the White House changed its tenants, and be ,
came iohabitell by the widow and daughter of.
Mr. Wylde.
But not
. for tub sake of her fortune did Guy
Pommeroy think of sacrificing his liberty; the
Pommeroys were of that class who love the
liberty and license of a single life; that the
money may have added weight to the Induce
meat was probable, but the fresh beauty of
Alice had caught his eye and his heart When
those cold natures, such aS was Guy's, do love;
they hive - passionately ; and with an imitos•
sioned fervor that is not often equalled. had
Guy Pommeroy reamed to love Alice Wylde.
"Guy," began Miss Pommeroy, with little
regard to his feelings or to her. own good 108.0.
ners, "Rupert. says you want to Marry - Miss
Wylde. Will she have you?"
A hot scarlet fluSh illumined Guy's white
cheek,. proving of itself how very deep -his
love had gone.. lie drew himself up haught
ily. "Let Rupert concern himself With his
fishing and his shooting, and his other- , -mote
questionable—sports; but let him pot concern
himself with me." - •
lie rang due hell as he spoke, and his di
ther's personal attendant entered - Jerome,
faithful serving-man of fifty-years. " The
' lord breakfasts in his rood," said Cloy."
sir„ I know, replied Jerome:- ”.1 - 1e
I has slept badly." .
Miss Pommeroy had turned to the break
,fast-table.--She could' not domineer-over Guy.
as she sometimes did over Rupert ; not that
the latter heeded her domineering. for he was'
.good-tempered and careless. Once, When Guy
had declined to tell her something she Wished
to knee", and she had teased him to anger, he'
struck her a blow, anti her-face retained the
mark for days. She said no more to Guy now,
but in the course lor the day she questioned
her father:. was Guy to marry Mien Wylde?
Mr. Pommeroy.laoked up. "Who has made
you so wise? "
"It is no business of Rupert's, or of any
one's. Nothing is settled:"
;'Neither will, it be,". exclaimed Miss rorti
mertiy;.Speaking what she thoUght. Ido
not suppose she would have Guy." ' •
"Not have Guy !"- uttered Mr. Pommeroy
"I can tell you that ah :inhume with the fu
ture lord of Pommeroy is what many a young
lady, far-higher in position toil lineage than
she, would kneel for. She and Mrs. Wylde
see it in the right light and ore eager for it.'.:
So far as Mr's. Wylde went, Mr. Poinmeroy
judged rightly. She was an ambitious wo
man, dwelling too much upon the'advantages
accruing from firnily," as those, not well
born, are Apt to do. In Guy l'ommeroy she
saw all that be desired ; anicto make
Alice the future "lady of Pommeroy," was
'the &emu which tired her ambition.
. .
But, if Guy was courted t 0 the White House,
Rupert was -not. Ile y had at one time gone
thither as 1111101 as his. Itrother, but a faiul
and very disagreeable suspicion had ditwued
suddenly upon Mrs 51 'y and that was,
that her daughter was getting to enjoy the so•
ciety of the handsome Rupert more than that
of Guy. Never, from that hour, wea,Rupert
Ptintmeroy admitted within the doors; call
when he would, there Was an oxonse readyl -
Nirs, Wylde Was out, or Mrs. Wylde was-i;n.
The day passed un to tho evening, and the
family dined alone, a sinnewlna 'notable eir
-cunist,ince, tar the 'tidier - Way generally rich
in guests. Rupint yoao from the table when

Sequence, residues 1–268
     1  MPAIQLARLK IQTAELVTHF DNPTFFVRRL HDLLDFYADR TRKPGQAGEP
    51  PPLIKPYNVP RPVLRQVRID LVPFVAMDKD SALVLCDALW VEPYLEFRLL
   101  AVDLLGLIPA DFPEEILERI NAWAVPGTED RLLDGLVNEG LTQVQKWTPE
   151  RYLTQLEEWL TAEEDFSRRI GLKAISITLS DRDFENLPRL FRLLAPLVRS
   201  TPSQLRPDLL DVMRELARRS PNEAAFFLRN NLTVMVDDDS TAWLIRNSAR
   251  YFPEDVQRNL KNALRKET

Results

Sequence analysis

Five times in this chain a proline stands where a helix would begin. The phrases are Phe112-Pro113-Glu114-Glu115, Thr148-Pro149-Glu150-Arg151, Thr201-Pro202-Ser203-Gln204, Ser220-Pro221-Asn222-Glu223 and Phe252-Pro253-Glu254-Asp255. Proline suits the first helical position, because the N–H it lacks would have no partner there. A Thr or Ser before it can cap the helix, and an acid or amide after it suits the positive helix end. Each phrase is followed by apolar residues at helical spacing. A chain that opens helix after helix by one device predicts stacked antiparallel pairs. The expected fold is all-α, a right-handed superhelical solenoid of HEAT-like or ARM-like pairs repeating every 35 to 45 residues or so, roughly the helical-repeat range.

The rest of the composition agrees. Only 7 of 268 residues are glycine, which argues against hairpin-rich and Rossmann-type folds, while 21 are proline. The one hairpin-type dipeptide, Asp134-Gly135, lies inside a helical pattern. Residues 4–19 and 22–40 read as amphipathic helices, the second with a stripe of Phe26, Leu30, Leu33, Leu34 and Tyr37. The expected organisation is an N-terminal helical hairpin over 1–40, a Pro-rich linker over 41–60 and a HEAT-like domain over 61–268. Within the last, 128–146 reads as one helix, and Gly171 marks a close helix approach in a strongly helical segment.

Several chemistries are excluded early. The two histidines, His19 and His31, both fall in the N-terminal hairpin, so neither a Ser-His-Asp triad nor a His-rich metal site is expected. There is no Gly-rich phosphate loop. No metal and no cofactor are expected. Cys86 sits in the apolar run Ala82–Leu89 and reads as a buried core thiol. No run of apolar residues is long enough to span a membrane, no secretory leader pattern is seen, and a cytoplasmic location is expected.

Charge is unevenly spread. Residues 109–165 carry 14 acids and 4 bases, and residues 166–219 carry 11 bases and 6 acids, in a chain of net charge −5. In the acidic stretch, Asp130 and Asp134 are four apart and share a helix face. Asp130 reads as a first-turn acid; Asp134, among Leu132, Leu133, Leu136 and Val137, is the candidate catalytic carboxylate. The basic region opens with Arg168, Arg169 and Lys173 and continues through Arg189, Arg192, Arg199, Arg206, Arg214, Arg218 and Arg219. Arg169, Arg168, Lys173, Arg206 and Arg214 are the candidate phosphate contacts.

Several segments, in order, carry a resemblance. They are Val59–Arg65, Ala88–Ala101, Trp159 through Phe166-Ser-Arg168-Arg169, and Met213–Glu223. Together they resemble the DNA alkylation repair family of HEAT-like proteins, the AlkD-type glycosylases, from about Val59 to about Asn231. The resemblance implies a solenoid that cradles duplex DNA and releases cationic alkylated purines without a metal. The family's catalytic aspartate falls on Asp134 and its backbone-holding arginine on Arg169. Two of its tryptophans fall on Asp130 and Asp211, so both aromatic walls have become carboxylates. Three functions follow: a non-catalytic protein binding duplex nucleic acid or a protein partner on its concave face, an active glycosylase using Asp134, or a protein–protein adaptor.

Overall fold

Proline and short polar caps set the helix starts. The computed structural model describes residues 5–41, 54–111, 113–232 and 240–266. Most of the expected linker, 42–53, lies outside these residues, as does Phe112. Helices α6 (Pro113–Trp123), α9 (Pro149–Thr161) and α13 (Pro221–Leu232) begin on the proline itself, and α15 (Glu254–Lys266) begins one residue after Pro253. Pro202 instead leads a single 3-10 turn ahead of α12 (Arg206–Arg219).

his sister did, and - strolled out; Guy remain - -
ea with his father.
"Where-liawyou been all the afternoon ?"
demanded the lord. "At the White House?"
called in thceb," replied Guy.
"When do you mean to bring matters to a
close? Speak to her off-hand, boy, add don't
be afraid. I never knew that IL Poitimeroy
could be scared by a woman,.
Guy Puunneroy's livid face turned scarlet,
a far deeper scarlet than that (37,11Tid 4 up by
Joan's bold the morning If the
proud old chief coold but have linuivn its
cruise . _
"'There is Plenty of limo," replied
. Guy, in
a tone that couCealed the evasiveness of the
words. !•Father, drink claret: solnuch port.
is not. good for yon."
hate the, claret," said Mr. rommerny ;
•• and not, a drop should he on my table, but
for fashion's sake: I never got. t-ell to it as a
young Mau, and can't as an eldone. In my
day, Guy, the creed was to despise everything
Ltut think of the gout, sir. Jerome is
fearing another attack, t know." :•
"Jerome ,would fear his own liliatiOW, if
yeied let him," said the lord of Pommeroy.
Rupert strolled leisurely along until he was
beyond view of the abbey. and then he mend
ed his pace and wont as if he were walking
for a _wager. It was a lovely summer's even
ing. and the setting run threwits red and
'golden light across the heavy trees itithe dis
tance, Cutting across some fields, by a shel
bored path, he emerged from the back of the
White House, and entered its• garden by
I small door: '
. Not In, the open part of it; no, Rupert Pom
mel* dared not do that, loot ho should en
counter the lynx eyed. of Mra. Plylde.. He
kept 'tilde amidst the taunted trees that skirted
the.wall, and peeped out beyond them to see
what was to be item
fie saw a bright-looking girl of radiant
mien, her dtilc brown hair shining in the .
slanting beams of.the sun, and her uheeks da
mask with expectation; , She was in an even
ing dreSs Of -white, and wore a small thin gold
Chain round' her neck, and simihtr bracelets
on her arms; and she was flitting from bed to
bed, plucking adlower frani ene, stooping to
inhale the scent. of another,, and drawing
further from the windOws of the house: 'draw- .
ing, as if uhcanscibusly, and without any ap
parent desigu.
A Jadympeared at the dining-twat ,win
doW which was open. '"Alicelk''
h ,
.l Well ; mamma." ~; •• ,
. .
wish„you,orould put o scoff. over your
shoufilers. You are snre,to choose this hour
to loiter in the 'garden, just when the stirt: is